As the 3rd anniversary of the riot approached, the team decided to band together and fight. Yet our idea to fight was different from previous years. We announced to the rest of the school that if anyone wanted to fight, they would be fighting the football team — together — Black and White. On the morning of that 3rd anniversary, no one showed up in the dirt parking lot that had been the war zone for the two previous years. There was no fighting, nor major celebrations — only quiet, calm, confident, positive feelings that we had done something important. The TEAM went on to be undefeated (14-0), state champions and ranked #1 in the state. We beat Clinto for the championship that came down to a last second, missed field goal by them. We persevered, we had won.

    While the accomplishments on the field were something to be proud of, the real life-changing accomplishments resulting from the power of THAT team were overcoming man-made racial tensions, stopping rioting at THAT high school and ALL high schools in the state and putting the state of South Carolina on an accelerated path to racial healing.

    If individual talent, skills and interests were the only ingredients to success, there is no way that team would have excelled, much less become champions. When we give up our individual wants and desires; when we squash ego, fear, pride and territorialism; when we lead from an unselfish place, a heart-centerd and loving place; when we realize that we are all equal; we ABSOLUTELY are more powerful than the sum of the whole. I know it, I experienced it, first hand. I am a believer.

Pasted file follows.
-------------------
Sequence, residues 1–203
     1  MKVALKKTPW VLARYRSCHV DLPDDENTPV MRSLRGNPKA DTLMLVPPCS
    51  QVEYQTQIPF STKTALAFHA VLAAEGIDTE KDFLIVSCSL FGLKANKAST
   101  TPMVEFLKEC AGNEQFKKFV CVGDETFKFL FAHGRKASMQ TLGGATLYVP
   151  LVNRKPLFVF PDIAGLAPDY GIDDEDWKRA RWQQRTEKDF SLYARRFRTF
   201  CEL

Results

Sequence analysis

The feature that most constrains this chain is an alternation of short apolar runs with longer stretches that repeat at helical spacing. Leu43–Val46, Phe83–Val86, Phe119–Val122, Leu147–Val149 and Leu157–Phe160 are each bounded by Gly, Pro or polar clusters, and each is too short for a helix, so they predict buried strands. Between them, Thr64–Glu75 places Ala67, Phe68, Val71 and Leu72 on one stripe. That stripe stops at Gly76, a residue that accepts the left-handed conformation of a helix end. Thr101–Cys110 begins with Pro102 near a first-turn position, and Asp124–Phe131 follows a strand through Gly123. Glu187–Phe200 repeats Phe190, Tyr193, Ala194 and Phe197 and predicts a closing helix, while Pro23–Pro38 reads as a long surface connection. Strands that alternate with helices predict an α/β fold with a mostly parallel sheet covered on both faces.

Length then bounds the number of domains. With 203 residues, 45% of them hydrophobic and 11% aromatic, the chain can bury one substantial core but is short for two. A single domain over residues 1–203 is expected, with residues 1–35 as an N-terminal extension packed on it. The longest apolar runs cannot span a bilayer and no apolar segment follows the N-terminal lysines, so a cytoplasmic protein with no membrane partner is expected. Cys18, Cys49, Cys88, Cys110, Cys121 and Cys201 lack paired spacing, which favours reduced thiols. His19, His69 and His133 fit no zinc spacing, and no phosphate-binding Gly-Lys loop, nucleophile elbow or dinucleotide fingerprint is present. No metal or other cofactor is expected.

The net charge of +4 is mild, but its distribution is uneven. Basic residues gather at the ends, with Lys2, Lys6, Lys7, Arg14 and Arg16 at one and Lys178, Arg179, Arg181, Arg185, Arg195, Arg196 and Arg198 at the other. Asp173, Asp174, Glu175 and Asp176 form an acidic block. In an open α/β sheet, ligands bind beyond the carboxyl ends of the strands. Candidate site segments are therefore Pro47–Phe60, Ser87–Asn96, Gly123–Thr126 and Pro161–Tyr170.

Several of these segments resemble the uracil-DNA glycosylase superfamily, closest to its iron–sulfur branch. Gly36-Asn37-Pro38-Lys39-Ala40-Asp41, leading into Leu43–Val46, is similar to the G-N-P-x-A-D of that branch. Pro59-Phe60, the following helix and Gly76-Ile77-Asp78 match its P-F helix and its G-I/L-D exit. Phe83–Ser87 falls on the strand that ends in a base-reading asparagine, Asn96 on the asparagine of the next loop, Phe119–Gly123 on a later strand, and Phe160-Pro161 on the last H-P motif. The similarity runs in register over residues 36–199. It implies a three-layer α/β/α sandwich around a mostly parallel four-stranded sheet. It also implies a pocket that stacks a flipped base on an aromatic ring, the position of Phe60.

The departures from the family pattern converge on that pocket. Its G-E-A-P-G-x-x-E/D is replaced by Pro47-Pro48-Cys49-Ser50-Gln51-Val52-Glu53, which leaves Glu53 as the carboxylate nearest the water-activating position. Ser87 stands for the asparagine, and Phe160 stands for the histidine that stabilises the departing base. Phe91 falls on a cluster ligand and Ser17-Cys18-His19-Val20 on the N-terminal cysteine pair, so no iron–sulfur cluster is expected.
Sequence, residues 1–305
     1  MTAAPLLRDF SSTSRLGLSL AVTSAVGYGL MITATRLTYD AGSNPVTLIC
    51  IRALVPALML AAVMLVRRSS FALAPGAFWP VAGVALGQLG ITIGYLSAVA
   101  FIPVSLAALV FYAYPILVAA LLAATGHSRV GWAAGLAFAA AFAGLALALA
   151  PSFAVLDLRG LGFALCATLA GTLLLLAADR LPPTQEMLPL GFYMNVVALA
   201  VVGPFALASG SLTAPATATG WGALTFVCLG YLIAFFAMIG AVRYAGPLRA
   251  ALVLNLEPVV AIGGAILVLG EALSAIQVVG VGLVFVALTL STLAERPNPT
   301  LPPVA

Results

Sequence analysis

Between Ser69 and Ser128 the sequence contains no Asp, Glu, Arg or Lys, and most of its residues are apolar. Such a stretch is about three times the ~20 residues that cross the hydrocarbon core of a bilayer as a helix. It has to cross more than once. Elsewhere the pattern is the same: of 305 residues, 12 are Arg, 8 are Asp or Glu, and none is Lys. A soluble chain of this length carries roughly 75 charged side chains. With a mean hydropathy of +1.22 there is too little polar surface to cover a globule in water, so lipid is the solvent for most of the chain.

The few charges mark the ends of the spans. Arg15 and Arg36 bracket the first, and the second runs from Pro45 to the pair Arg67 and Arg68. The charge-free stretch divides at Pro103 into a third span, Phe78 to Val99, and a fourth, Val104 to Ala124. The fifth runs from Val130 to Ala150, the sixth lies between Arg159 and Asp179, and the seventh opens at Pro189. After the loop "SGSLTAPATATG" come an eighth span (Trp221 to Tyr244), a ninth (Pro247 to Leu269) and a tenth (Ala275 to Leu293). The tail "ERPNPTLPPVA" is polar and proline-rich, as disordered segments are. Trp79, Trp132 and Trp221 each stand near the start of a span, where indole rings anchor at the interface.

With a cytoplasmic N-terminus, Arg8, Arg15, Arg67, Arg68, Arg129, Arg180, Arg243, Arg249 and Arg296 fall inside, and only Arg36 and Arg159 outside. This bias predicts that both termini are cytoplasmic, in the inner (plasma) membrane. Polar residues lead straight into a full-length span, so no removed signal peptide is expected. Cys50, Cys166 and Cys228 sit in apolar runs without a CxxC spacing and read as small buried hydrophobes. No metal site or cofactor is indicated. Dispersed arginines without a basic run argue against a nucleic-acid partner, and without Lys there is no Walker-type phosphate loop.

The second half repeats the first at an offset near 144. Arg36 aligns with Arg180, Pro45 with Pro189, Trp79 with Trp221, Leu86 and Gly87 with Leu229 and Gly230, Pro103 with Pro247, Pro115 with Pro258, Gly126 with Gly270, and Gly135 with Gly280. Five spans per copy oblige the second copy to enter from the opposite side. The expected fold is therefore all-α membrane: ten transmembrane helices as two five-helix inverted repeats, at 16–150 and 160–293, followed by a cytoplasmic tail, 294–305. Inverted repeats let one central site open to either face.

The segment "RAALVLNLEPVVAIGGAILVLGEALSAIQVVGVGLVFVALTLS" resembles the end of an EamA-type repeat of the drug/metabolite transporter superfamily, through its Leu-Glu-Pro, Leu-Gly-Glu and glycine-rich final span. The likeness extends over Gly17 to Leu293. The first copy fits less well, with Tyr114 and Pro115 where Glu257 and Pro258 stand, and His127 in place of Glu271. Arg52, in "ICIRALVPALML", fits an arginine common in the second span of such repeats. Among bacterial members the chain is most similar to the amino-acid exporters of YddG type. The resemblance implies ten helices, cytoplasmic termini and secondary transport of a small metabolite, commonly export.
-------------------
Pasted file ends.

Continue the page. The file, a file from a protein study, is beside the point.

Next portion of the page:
2. Is it possible to boil lit all down to one statement – “Do unto others as you would have them do unto you”? It’s a very simple concept, very understated, and enormously powerful.


    1. I couldn’t agree with you more, Georgia. As I am fond of saying, “can’t we all just play nice and get along?” The issues of territorialism often come down to a mindset of scarcity versus abundance. When we lead and serve others from a place of love and abundance, there is no need to constantly jockey for position and/or fight for territory. There is room at the table for everyone.


    1. Thanks for the kind words and for stopping by to read the post.
      Unfortunately, I do not know how you might go about finding professional writers, though there may be freelance writer forums that you can find online. Best of luck to you!